Just another free Blogger theme

Follow By Email

Monday, 20 February 2012

8 days to go until rare disease day 2012!

Jamie O'Brien's Story

Jamie O'Brien's ambition is to work in music production and website design. He lives in the North East of Ireland. He's 21 years old and last year he started a course in Creative Media at Dundalk Institute of Technology. A few months into the course, he realised that his condition would make it impossible for him to continue for now and so he has had to take a break. Jamie has Ehler-Danlos Syndrome Type 3 (the hypermobility type).

Every day, several times a day, Jamie's joints dislocate. The slightest movement or exertion triggers dislocation - lifting something very small puts out his wrists, climbing a stairs will dislocate his knees or ankles. His symptoms first appeared when he was about eight years old, starting to get physical and play sports. He could not write more than one sentence and his teachers at school thought he was just being lazy. Back then, the biggest challenge was getting people to believe that there was something wrong. "I didn't even believe it myself", he says. He did not understand then that his fingers were actually dislocating.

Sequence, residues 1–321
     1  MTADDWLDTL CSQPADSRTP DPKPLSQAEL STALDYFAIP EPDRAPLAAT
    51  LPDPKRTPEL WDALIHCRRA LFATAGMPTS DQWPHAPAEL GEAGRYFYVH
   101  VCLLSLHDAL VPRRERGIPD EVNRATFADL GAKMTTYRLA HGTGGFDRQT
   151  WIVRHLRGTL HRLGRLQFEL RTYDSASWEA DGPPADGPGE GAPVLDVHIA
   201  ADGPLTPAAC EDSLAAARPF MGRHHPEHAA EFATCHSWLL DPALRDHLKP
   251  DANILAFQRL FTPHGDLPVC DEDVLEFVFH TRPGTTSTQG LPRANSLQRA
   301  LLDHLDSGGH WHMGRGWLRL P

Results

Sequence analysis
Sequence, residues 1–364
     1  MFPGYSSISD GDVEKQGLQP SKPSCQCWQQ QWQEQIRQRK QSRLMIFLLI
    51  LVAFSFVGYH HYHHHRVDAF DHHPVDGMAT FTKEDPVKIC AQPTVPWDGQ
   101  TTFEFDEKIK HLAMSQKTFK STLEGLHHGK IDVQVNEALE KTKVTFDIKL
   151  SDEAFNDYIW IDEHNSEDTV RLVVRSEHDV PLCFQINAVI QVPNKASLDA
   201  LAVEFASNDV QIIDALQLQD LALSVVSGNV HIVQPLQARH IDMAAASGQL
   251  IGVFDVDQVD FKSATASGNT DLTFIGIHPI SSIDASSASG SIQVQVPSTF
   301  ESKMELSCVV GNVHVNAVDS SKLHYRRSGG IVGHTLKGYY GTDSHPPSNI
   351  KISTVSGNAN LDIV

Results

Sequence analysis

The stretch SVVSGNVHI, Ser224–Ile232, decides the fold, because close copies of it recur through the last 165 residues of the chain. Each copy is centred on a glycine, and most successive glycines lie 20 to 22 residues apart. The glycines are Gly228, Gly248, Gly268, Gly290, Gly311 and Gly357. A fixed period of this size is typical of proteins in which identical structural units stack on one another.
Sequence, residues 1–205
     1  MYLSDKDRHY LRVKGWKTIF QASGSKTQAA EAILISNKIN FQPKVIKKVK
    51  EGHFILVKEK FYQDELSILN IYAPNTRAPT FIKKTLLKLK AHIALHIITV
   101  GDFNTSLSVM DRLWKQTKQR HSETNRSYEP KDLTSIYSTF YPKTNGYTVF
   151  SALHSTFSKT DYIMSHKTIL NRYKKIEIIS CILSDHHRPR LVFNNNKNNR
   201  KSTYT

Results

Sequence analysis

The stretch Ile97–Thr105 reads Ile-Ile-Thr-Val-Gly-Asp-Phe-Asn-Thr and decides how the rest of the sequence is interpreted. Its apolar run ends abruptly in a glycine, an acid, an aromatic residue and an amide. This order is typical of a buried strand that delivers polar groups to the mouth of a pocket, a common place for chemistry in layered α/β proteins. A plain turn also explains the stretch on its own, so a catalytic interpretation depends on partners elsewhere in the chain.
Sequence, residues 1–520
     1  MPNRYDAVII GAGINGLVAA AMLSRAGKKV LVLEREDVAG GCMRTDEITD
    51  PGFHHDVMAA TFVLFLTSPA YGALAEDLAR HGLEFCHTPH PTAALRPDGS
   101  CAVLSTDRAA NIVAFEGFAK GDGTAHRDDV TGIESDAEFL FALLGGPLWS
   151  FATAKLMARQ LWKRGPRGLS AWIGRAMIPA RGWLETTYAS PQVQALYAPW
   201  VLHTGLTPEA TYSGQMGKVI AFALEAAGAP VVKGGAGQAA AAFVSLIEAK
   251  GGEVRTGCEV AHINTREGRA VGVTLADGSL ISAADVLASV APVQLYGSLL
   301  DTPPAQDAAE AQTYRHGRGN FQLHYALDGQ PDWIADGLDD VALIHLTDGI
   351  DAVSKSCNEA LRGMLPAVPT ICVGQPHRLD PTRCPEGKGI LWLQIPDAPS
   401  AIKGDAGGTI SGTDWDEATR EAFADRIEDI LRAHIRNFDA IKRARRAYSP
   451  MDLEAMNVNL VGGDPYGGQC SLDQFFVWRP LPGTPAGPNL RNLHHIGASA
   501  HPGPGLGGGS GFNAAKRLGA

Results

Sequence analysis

Some things got easier after he was diagnosed at 16. He found it easier to make friends once he could explain his condition. Disability services became available to help with certain aspects of life. Now his greatest challenge is his left shoulder. He has learned to deal with most of his joints, and to cope with constant pain. His attitude is "snap it in, keep smiling, keep walking, you have to get used to it." But when his left shoulder goes, he has no choice but to attend the Emergency Department of a hospital. And if the doctors are not familiar with him or his condition, it takes time to get the right treatment. More time than he can afford to be away from a busy college schedule.
He hopes to be able to study again though, and plans to return to college as soon as he can get the pain and dislocations under enough control to allow him 2-3 weeks between hospital visits. He would like more people, including doctors, to understand the issues around rare disease. "There's no system for people with a rare disease," he says. But he hopes that initiatives like Rare Disease Day will go some way towards building awareness and improving the situation of all those affected. In the meantime, he says "you have to take life one laugh at a time. - Rare Disease Day 

Lorem ipsum dolor sit amet, consectetur adipiscing elit. Pellentesque volutpat volutpat nibh nec posuere. Donec auctor arcut pretium consequat. Contact me 123@abc.com


Post a Comment